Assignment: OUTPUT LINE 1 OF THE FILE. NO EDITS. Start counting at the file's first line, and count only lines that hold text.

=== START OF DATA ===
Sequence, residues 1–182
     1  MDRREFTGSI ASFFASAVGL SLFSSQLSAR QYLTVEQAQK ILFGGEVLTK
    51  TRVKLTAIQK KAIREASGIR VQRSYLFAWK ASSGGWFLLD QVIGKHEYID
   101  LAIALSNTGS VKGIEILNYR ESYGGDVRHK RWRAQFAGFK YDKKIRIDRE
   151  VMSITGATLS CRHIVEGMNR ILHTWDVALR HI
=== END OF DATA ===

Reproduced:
Sequence, residues 1–182